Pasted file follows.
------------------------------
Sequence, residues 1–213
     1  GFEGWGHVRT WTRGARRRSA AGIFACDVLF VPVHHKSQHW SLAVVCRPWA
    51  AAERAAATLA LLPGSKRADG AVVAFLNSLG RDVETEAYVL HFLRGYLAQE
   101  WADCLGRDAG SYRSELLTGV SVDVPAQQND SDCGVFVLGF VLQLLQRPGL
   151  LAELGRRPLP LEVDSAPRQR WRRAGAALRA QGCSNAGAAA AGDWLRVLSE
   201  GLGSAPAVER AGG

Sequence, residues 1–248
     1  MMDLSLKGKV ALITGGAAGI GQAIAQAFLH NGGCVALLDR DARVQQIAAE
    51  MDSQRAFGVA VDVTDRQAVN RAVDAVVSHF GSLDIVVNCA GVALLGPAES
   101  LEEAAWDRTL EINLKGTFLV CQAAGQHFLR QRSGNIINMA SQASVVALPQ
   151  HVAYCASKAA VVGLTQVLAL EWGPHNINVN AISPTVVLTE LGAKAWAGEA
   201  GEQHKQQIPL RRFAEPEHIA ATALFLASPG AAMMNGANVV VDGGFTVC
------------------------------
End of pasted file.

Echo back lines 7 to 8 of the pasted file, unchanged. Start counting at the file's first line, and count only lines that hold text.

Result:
Sequence, residues 1–248
     1  MMDLSLKGKV ALITGGAAGI GQAIAQAFLH NGGCVALLDR DARVQQIAAE